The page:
KATY MAGAZINE NEWS
April 29, 2021
By Natalie Cook Clark
A Katy cancer survivor was once given seven days to live and told he would unlikely father children. Now he can celebrate his son’s success on the Katy Tigers District Championship baseball team.
Johnny and Jack Johnson share a moment after a Tiger baseball game. Photos courtesy the Johnson Family.
Conquering Curve Balls
Katy’s Johnny Johnson is no stranger to curve balls. He was born with a broken collarbone and skull fractures that resulted in emergency surgery. His father left when he was two years old, and he lived all over due to military life. His love of baseball quickly filled a fatherly void.
“I was ‘that kid’ on the field, the small one, playing my heart out with boys much older than myself,” says Johnson.
At 21, Johnson was diagnosed with cancer, lymphoblastic, T-cell- stage 4 lymphoma and given seven days to live. He survived but was told he never would have children.
Today, his son captains the Katy Tigers baseball team that clinched the District Championship. The team continues their journey towards victory later this week.
Johnson Believes in Miracles
Johnson believes in miracles because he lives them. He defied the odds and survived cancer to go on to mentor fellow survivors.
For years, Johnny and his wife, Kayse wanted to start a family. After 14 years of infertility and seven failed artificial inseminations, they experienced the miracle of the natural birth of their son Jackson in 2002. Jack, 18, is now a senior at Katy High School.
“My dad has always taught me to be a fighter just like him and to do what I love to do most,” says Jack. For him, that is baseball, and the ballgame will continue for Jack in college. He will be attending Youngstown State University in the fall, where he received a scholarship.
$650K in Scholarships and Baseball Offers
Jack received a total of $650,000 in scholarships and baseball offers from multiple schools. Some of his scholarships include: Honors Scholarship, Provost Scholarship, President’s Scholarship, and Academic Achievement Award.
Jack will be pursuing an engineering degree.
“I’ve always been naturally gifted in numbers and I love to take things apart,” says Jack.
Understanding his father’s struggles has impacted Jack’s work ethic in academics, athletics, and life.
'Tomorrow is Never Promised'
“I’ve learned never to take tomorrow for granted,” says Jack. “God has made today and today only. Tomorrow is never promised.”
“I have had the pleasure of getting to know a remarkable young man,” says head Katy High School Baseball Coach Tom McPherson. “Jack is a very courteous and respectful young man. Jack exemplifies everything it takes to be a student-athlete.”
McPherson has been Jack’s coach for the past four years. The last time the Tiger’s earned the District title was in 2014 and working towards this title has been a goal for the team and Jack.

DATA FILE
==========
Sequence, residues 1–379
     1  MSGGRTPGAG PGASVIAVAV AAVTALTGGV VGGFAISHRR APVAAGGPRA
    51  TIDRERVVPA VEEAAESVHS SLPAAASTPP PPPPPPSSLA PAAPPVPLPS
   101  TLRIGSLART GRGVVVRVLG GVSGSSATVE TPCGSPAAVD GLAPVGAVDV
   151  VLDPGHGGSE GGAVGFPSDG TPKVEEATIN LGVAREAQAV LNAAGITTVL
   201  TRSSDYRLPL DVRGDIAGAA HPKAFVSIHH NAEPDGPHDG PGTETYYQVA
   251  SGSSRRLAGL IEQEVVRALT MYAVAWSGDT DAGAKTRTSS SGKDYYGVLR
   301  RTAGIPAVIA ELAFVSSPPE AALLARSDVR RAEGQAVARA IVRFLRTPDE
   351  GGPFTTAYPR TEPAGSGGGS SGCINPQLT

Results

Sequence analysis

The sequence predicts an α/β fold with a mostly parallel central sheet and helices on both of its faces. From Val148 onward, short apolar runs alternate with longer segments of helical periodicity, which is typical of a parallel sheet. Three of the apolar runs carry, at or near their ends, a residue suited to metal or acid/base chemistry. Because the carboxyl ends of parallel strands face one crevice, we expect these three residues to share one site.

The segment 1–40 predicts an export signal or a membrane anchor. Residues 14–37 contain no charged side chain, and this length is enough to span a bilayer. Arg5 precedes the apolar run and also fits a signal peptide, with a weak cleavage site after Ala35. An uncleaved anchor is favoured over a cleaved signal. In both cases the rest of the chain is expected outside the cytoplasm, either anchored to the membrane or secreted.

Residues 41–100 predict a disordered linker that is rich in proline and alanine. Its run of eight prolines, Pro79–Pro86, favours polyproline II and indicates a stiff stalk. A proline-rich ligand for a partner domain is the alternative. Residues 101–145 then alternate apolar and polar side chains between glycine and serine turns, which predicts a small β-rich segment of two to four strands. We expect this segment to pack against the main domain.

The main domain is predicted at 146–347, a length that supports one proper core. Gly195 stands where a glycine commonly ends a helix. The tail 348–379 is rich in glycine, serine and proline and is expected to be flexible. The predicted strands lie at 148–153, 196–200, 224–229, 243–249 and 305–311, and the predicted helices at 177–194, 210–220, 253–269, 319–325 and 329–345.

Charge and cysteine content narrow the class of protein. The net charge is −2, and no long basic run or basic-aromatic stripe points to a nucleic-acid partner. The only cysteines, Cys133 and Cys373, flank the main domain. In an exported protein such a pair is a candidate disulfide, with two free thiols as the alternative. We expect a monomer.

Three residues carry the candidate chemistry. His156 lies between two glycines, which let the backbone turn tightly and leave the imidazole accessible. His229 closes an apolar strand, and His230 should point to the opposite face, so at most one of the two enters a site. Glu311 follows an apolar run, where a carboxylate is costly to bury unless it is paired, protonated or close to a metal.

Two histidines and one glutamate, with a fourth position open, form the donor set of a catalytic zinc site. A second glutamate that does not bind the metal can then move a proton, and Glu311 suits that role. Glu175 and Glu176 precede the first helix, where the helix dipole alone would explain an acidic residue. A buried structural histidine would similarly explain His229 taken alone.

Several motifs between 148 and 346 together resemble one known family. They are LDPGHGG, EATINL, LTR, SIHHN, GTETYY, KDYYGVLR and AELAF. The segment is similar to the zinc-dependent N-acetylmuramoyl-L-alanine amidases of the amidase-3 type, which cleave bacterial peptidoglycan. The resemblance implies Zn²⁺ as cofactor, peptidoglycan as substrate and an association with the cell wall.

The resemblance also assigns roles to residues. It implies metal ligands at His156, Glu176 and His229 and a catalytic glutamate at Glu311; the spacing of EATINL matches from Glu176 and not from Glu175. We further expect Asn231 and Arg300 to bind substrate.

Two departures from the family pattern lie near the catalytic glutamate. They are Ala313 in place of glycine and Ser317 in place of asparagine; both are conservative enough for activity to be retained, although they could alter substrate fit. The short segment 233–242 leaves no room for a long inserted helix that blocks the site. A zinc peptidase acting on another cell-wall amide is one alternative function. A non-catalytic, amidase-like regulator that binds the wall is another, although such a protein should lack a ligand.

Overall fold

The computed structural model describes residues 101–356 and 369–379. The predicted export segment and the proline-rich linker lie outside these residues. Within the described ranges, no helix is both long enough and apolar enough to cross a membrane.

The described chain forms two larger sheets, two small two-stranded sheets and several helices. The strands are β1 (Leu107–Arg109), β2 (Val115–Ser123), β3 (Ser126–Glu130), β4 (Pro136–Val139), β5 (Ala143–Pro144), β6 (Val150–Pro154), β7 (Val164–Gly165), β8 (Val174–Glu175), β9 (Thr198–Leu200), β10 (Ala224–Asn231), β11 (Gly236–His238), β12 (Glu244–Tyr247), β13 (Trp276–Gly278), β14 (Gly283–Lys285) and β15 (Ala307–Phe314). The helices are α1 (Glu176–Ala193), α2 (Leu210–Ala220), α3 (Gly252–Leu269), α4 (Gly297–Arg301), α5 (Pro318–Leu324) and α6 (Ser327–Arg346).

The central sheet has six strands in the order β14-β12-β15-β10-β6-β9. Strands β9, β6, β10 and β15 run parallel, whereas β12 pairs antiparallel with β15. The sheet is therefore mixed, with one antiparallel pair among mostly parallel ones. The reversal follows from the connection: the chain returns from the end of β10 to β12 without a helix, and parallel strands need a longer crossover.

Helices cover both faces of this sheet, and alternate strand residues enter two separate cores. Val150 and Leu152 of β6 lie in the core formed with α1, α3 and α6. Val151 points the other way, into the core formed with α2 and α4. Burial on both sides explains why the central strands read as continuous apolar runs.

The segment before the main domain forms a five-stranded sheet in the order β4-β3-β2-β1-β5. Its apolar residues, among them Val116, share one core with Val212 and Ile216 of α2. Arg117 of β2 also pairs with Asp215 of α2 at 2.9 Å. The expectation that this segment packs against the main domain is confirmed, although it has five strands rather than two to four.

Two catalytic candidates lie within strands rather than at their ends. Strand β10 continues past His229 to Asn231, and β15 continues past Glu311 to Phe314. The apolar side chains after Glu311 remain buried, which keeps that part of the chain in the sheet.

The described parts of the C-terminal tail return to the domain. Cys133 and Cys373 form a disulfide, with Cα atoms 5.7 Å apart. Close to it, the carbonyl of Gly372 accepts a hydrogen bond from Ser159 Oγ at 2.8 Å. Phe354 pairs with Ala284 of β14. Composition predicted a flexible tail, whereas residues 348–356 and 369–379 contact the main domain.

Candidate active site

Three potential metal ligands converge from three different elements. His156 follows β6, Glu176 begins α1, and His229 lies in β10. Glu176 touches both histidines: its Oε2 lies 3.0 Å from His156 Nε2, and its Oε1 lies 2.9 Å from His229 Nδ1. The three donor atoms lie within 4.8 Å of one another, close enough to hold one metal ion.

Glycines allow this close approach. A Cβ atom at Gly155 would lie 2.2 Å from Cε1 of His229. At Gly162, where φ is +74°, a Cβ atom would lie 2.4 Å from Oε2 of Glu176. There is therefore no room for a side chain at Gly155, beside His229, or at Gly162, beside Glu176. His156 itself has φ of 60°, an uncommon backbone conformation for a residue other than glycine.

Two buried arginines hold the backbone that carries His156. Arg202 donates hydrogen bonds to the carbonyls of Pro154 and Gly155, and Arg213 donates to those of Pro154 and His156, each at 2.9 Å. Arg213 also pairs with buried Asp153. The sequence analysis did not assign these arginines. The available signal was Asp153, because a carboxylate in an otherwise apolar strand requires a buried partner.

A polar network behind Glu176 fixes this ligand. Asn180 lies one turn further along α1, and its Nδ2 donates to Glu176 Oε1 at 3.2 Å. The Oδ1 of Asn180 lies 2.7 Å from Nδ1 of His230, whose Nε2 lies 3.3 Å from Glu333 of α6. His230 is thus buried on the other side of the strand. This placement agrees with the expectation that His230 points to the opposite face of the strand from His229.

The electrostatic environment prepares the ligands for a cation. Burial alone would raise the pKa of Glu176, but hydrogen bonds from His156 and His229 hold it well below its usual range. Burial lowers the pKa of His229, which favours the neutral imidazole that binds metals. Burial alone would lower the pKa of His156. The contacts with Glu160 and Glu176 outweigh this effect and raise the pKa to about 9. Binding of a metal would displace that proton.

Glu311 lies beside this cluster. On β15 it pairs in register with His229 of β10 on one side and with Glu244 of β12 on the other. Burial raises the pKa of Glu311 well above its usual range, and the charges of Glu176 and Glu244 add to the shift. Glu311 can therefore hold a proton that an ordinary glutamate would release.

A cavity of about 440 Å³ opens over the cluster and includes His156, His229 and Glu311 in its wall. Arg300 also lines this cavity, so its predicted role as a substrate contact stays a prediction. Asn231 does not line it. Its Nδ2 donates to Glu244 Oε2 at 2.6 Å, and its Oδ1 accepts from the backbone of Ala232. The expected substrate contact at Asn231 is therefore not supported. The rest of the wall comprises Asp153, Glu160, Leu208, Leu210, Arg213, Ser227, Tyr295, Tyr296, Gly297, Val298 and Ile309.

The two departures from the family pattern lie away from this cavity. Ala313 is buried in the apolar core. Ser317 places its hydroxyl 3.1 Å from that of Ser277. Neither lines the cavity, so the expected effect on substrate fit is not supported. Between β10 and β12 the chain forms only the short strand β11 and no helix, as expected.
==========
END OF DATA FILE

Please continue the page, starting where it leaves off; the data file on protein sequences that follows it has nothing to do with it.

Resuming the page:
Jack is graduating in the top 10 percent of his class with a team-high GPA He is also very active in his church, works part-time at The Oaks and side construction and fixing jobs.
“Jack’s parents raised him the right way and should be very proud of him,” says Coach McPherson.
“I love baseball. The fact is that you could be the worst player yesterday and the best player today,” says Jack. “You constantly have to work at your craft, and I enjoy seeing the outcome of my hard work. I also love being a leader.”
Jack plays third base and catches for the Katy Tigers. He draws strength from his father’s story of survival through cancer and relates it to his passion for baseball.
“I relate his story to the last inning of a baseball game,” explains Jack. “Picture you’re getting beat by infinity, then all of a sudden God comes up to the plate and
smashes a 1,000,000-foot grand-infinity-plus-slam that leads your team to win the World Series of World Series. That’s how my family felt, and that’s how he felt.”
“My dad has given me the ultimate amount of fuel to do anything in life and not just baseball; to succeed and give my very best at everything I ever do on this earth,” says Jack.
Jack, Kayse, Zoe, and Johnny Johnson at a Katy Tiger baseball game.
Johnny and Kayse have been married for 33 years and are proud to call Katy home. Johnny is a CPA by trade and consults to help businesses solves their problems. He never misses one of Jack’s games, even if he has to watch online. Kayse is a seventh-grade teacher at Morton Ranch Junior High. Their daughter Zoe, who they were blessed with through adoption, will be start Katy High School next year.
“I’ve learned to never give up in any aspect of life,” says Jack. “We have a little saying I’ve learned ever since I was little - ‘Don’t tap out.’”
The 25-3 Katy Tigers host the Milby Buffs this Friday at 6 p.m.